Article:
What happens when I send a document to the wrong person or no longer want them to see the content?
Most of the time, the answer to this question is to plan and prepare better. Setting a content expiration (“self-destructing” document) is a reasonable approach to ensure recipients are either frequently referring back to the source of record for updates (e.g., for a document repository), or do not retain access to content longer than needed (e.g., for a bid or proposal).
Enabling a short use license expiration will ensure that the user’s credentials are revalidated on a frequent basis, requiring an online connection to RMS servers. For example, if a user is terminated, his AD credential will likely be automatically disabled by the Identity and Access Management system, thus removing his ‘key’ to opening RMS-protected content. For very sensitive content, there are few use cases where offline access should be extended beyond a week, especially in the days of internet connectivity everywhere.
When paired with assiduously managed SharePoint Permissions, short content and use license expirations cover almost all cases where sensitive content falls into the wrong hands.
However, if these controls were not put in place and you still need to revoke access to an RMS-protected document, here are your options:
* Requires Enterprise Mobility Suite (EMS) license not included with standard Office 365MT E3 tier
** RMS policy templates and template revocation lists are an option not covered in depth here because they are clunky, error prone, and may not be supported depending on the version of AD RMS. Also, using many policy templates can lead to operational difficulties – a topic for another day.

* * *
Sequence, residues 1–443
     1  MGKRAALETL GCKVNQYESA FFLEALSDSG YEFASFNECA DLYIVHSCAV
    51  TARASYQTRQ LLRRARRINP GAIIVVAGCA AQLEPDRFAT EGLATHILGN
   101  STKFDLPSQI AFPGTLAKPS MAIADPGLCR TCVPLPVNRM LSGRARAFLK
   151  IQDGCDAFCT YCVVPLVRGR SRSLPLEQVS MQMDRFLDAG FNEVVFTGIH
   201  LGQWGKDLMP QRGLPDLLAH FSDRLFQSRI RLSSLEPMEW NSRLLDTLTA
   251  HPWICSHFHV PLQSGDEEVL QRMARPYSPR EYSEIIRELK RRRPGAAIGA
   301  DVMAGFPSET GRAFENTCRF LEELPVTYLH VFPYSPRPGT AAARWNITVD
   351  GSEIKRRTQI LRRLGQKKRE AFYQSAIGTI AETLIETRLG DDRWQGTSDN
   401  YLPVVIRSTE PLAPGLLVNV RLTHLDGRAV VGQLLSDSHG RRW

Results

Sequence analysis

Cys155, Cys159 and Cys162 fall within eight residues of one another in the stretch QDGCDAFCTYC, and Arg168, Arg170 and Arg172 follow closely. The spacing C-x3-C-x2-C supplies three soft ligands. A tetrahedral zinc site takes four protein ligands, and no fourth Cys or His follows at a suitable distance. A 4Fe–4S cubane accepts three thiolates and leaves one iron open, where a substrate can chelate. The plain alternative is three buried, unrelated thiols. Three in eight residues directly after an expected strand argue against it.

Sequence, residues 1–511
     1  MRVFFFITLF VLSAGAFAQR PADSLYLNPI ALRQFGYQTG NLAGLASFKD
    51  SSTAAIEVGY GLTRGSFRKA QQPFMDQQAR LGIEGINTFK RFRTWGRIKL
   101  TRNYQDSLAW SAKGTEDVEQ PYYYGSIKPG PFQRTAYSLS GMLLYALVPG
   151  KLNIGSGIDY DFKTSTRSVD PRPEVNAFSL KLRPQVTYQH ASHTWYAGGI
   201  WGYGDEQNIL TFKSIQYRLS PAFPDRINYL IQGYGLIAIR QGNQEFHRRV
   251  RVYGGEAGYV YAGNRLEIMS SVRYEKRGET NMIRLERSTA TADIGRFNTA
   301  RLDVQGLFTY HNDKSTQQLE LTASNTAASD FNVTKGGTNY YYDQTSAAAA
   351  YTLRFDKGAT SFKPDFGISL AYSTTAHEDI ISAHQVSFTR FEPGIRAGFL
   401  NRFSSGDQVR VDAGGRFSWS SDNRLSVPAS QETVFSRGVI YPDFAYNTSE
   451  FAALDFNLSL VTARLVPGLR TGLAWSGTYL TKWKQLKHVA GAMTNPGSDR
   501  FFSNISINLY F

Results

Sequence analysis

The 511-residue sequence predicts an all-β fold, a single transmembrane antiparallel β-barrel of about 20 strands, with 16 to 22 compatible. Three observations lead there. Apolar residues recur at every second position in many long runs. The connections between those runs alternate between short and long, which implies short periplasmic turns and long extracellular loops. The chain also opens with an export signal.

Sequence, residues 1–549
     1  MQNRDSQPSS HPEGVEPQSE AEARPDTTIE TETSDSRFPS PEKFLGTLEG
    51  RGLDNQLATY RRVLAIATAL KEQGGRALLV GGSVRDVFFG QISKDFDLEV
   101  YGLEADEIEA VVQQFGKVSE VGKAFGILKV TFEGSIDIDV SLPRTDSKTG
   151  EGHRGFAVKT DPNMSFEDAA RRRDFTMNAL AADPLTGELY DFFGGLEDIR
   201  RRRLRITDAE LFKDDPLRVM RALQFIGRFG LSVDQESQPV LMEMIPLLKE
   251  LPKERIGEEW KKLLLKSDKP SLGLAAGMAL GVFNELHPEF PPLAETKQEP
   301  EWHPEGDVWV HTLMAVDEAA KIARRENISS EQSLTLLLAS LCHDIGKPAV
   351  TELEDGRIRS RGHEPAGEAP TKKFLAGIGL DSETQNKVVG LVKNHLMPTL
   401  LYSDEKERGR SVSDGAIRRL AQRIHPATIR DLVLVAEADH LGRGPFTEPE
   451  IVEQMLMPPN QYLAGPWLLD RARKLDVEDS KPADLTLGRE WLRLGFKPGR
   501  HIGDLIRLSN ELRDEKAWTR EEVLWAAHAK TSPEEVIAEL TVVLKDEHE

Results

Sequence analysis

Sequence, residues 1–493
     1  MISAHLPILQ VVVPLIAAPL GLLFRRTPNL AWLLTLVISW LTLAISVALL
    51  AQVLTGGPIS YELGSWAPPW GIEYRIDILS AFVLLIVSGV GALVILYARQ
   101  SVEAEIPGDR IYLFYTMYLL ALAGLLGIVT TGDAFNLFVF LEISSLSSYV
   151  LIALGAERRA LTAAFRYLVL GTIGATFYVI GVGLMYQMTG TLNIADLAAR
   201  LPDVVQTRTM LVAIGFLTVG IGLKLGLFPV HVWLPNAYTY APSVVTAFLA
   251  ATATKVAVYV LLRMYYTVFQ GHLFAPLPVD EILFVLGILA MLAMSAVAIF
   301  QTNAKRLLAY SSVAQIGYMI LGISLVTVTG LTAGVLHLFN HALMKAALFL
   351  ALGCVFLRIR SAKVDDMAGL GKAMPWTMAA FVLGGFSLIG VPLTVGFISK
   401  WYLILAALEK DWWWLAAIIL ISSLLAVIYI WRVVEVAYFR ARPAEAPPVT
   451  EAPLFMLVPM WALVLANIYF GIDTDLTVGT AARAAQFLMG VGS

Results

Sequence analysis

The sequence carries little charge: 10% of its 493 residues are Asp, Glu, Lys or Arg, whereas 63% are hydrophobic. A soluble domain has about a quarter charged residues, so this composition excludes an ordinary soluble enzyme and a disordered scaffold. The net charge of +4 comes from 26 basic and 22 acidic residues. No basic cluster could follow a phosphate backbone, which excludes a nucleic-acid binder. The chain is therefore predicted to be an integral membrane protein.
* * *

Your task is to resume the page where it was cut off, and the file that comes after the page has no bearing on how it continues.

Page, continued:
Document-level revocation in the traditional IRM/eDRM sense is only available in the cloud-hosted Azure RMS, where it can be done by the document owner. As noted above, additional licensing is required. This option has a beautiful UX and works as expected.
For on-premise AD RMS, AD administrators could revoke the user’s credentials entirely, rendering his RMS-protected documents unusable by dint of terminating the ‘key’, his AD credential. Or the RMS administrator could revoke the user’s access to RMS which will have a similar effect but will not impact the user’s ability to access other AD domain resources. Unfortunately, both of these are ‘nuke from orbit’ style approaches and may not make sense in many revocation use cases.
The Azure RMS Document Tracking and Revocation feature in EMS delivers the best end user experience, but it is possible to achieve coarser-grained results in AD RMS.